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Beginner
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How to get __FILE__ as absolute path on Intel C++ compiler

I've tried using the /Fc flag which works with visual studio but get a message that it isn't recognized by the intel compiler.

I'm trying to write a test which uses data from a directory relative to the cpp test file, however the executable will be deployed elsewhere so it's hard to get it relative to the exe... hence i'd like an absolute path at compile time! How else could I get a path relative to the current cpp file?

Cheers, Jamie

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New Contributor II
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In VS new versions like vc9, /Fc is now deprecated. Probably, /FC & /FAsc would replace that..

In Intel compiler, /FC works perfectly. Let us know if thats what you want, and if it works in your version.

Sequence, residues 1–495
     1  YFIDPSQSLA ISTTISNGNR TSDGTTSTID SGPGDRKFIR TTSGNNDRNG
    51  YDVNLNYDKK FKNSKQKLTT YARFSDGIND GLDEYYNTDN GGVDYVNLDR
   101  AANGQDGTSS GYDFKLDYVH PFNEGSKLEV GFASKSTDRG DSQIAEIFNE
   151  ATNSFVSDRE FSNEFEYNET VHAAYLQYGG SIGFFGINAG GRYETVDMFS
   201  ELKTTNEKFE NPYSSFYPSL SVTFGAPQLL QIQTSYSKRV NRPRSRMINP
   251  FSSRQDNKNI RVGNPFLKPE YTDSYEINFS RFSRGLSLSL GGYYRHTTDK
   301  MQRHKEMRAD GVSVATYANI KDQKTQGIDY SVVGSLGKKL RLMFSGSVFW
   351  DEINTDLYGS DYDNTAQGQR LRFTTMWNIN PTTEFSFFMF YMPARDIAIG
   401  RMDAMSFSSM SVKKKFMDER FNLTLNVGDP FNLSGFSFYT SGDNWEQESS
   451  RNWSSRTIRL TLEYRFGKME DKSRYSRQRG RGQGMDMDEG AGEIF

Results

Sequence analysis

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Beginner
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Milind, thank you for the quick reply however what you say does not appear to hold true for me. I was trying to attach the test project I created to test this... basically a main with
[cpp]int main(int argc, char* argv[])
{
    cout << "__FILE__ => " << __FILE__ << endl;
}[/cpp]
but the add files button doesn't do anything for me... I'll try again with another browser in a reply to this message.
Basically I've enabled the /FC option (both as the check box and explictly as a command line flag) and in both cases it results in output of
__FILE__ => "./FileMacro.cpp"
I'm using visual studio 2008 with SP1 and Intel C++ Compiler 11.1.071 [IA-32], if I compile with VS2008 it works as expected. Possible bug?
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Beginner
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Add files doesn't do anything in either firefox or chrome, here is a rapidshare link to the zip file.
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New Contributor II
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yes, that seems to be bug or rather lack of feature implementation, which is surprising. No option seems to make it work in Intel compiler, like /FAsc , /FC etc.